The Politics of Jesus by John Howard Yoder had been on my to-read list for years, and it didn’t disappoint. Some themes in this book don’t seem as groundbreaking to me as people have suggested. But that may be because of Yoder’s influence, especially noted in Stanley Hauerwas’s work. Perhaps I wouldn’t have already heard these perspectives elsewhere if it weren’t for Yoder.
If any of my posts on the church and ethics (e.g. “Church as Alternate Economy,” “Jesus and Politics,” “Absent from Flesh“) have piqued your interest, I’m wondering if many of those thoughts were due to Yoder’s trickle-down influence, even before reading him directly.
Yoder connects imitation of Christ to submission––both to God and the power structures of this world––which almost surely entails suffering. He shows the church’s very existence, as a true Christian community, as its primary purpose. How does the gospel transform our world? Yoder says the church is the primary social structure for that transformation. A helpful corrective to Christian views that seclude the church from the world or that try to use the world’s structures to transform it.
This is a difficult read, but much easier than some of the others I trudged through this year (I’m looking at you Hauerwas and D. A. Carson). If you want a simplified version, Nathan Hobby has created one that has received good reviews.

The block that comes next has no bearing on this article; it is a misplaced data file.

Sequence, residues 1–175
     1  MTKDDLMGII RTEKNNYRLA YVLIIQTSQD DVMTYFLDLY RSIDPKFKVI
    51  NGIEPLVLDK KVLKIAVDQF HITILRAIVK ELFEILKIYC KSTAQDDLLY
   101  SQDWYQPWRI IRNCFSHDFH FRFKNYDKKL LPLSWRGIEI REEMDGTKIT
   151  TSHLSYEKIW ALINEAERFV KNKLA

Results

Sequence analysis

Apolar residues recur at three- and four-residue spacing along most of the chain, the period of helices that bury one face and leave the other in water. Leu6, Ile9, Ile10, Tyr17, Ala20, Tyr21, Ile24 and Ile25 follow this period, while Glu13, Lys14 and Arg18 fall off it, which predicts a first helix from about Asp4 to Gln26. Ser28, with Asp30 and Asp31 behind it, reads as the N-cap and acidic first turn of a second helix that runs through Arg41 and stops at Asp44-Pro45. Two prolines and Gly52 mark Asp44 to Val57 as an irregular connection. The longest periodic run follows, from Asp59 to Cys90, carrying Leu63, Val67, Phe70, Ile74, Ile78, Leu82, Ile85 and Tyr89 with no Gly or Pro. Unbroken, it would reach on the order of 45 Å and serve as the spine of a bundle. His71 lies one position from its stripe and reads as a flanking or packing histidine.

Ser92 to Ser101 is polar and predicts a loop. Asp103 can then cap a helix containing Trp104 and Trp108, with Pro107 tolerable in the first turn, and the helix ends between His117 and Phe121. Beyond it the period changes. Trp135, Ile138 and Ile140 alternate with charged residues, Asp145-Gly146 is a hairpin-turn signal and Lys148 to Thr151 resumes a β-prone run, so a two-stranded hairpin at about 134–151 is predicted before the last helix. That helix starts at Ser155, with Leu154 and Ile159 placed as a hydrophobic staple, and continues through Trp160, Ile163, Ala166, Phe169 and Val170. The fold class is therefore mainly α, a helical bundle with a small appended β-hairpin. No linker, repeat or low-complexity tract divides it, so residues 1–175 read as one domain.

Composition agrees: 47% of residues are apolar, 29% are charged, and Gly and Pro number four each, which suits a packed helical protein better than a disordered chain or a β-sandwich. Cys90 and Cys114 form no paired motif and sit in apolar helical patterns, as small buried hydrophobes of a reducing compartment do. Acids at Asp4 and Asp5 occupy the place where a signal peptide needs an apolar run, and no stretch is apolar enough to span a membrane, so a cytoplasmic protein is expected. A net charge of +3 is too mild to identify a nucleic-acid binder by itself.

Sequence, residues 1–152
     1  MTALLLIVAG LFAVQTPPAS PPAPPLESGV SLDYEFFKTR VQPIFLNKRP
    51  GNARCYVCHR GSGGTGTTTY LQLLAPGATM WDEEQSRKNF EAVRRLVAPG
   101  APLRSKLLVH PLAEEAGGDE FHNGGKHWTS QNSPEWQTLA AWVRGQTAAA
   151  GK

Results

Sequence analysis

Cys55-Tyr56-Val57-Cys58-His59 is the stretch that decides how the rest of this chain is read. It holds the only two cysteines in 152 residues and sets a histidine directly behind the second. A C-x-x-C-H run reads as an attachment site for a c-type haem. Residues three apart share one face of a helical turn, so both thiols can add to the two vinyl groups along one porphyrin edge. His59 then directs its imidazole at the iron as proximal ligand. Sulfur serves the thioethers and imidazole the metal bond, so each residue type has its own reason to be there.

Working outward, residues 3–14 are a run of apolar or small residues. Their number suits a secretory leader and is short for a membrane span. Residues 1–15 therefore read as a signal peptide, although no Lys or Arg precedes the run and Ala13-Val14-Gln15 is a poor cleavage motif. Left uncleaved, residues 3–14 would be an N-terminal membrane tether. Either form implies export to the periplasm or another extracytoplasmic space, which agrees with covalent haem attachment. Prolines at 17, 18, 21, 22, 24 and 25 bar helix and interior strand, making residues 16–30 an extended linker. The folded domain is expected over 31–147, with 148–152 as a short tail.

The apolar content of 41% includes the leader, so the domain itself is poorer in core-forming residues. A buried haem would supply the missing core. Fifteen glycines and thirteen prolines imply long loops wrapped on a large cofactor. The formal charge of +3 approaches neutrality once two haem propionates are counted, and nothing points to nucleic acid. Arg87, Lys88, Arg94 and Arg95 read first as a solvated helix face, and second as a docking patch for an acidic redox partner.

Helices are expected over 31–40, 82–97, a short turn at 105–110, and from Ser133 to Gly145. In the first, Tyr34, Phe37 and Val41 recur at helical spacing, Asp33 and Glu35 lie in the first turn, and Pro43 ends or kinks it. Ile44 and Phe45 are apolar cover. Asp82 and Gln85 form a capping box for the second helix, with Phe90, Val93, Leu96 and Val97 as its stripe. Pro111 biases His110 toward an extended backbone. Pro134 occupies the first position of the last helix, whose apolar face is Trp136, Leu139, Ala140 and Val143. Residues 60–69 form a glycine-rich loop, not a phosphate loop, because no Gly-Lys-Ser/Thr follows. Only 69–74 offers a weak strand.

General Christianity—History and Special Subjects
The Triumph of Christianity by Rodney Stark was excellent. It could be subtitled “Myth-busting Christian history.” Stark provides a sociological survey of some of the most important points of Christian history and debunks dozens of common myths about history along the way. His conclusions about how Christianity spread, the “dark ages,” the church’s role in the scientific “revolution,” the Spanish Inquisition, and religion in Europe—to name only a few—are convincing rejections of our popular notions.
Stark provides a social science survey that’s interesting and accessible. You should give it a try.
I was surprised by Bill Arnold’s Seeing Black and White in a Gray World. My surprise was because of the subtitle—“The Need for Theological Reasoning in the Church’s Debate Over Sexuality”—and the relatively small size of the book. I expected it to be a narrowly focused book on sexuality, specific to the United Methodist Church. In the end, I’d recommend it to people outside the UMC with no interest in that ethical debate. Though that debate is clearly where everything leads, this book was a concise and readable introduction to logic and theological method.
Earlier this year, I interviewed Dr. Arnold about the book and provided a two-part review.